Narrative Techniques: Motif

A series exploring storytelling techniques. This essay looks at motif and how to use it.

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In narrative writing, motif—also known as thematic patterning—is a reoccurring element that is of symbolic significance to the plot. It is through this repetition that the narrative can develop a mood or theme that acts as a backbone for the voice.

Any number of narrative elements with symbolic significance can be classified as motifs; whether they are images, spoken or written phrases, structural or stylistic devices, or other elements like sound, physical movement, or visual components in dramatic narratives. A recurring flute sound in Death of a Salesman by Arthur Miller is used to convey rural and idyllic notions, whereas The Great Gatsby by F. Scott Fitzgerald relies on a green light found throughout.

A narrative is not limited to one motif, and they can appear in varying forms and subtly suggest themselves to the reader as they go on. For example, Shakespeare’s Macbeth makes great use of visual narrative elements to create different motifs, such as references to water and blood continually being repeated, linking to the washing of hands, which combines language and visual prompts from actors. This is all run through with the repetition of ‘fair is foul, and foul is fair,’ echoing across the stage.

Motifs establish a pattern of ideas and possible conceptual purposes in different works, and can be particularly useful to link up non-linear narratives or streamline complex plots. Such examples can be found in Kurt Vonnegut’s Slaughterhouse Five and Ridley Scott’s cult classic Blade Runner (and its source novel, Do Androids Dream of Electric Sheep? by Philip K. Dick).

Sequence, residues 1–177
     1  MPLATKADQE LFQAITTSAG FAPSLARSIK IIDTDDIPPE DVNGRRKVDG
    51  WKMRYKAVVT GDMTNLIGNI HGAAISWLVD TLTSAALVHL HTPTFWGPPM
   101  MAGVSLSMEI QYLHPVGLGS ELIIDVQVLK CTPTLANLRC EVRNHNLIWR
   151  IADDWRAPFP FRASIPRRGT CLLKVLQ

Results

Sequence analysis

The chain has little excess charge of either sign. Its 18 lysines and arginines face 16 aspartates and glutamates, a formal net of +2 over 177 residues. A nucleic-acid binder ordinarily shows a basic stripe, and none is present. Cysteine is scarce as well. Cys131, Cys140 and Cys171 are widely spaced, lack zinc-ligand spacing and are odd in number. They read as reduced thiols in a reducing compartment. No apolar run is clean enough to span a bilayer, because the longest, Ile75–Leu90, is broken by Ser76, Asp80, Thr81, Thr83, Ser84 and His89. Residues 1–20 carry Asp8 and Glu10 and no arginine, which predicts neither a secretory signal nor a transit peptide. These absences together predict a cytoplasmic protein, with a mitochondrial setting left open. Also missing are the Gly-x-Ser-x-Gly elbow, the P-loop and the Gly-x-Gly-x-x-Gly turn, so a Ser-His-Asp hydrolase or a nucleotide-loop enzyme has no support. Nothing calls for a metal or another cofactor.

While it may appear interchangeable with the related concept ‘theme,’ a general rule is that a theme is abstract and a motif is concrete. Theme can be divided into two categories: one is the thematic concept, what the audience thinks it is about; the other is thematic statement, what the work says about the subject. Simply put, if theme is the story’s body, what we outwardly perceive, the motifs are the spine that hold it upright.

Motifs can be used in various ways, such as to boldly and deliberately catch the audience’s attention, or on a more subliminal level. They can also appear without the characters being aware of them, or as a driving force of a plot. It is all up to the author to decide how they are used, and can be an interesting device to experiment with, particularly when used with others, such as foreshadowing, harmartia, or self-fulfilling prophecy. It can be a hook used to lure readers in and keep them interested, keep them wondering why that crow is always there, or what that sound could possibly relate to, or if those weird red marks on the back of those photos are related to the weird red marks in the protagonist’s dreams.

If there’s a motif to be had, use it.

Sometimes she writes. Sometimes she doesn’t. Either way, she’s not doing what she’s supposed to be doing.

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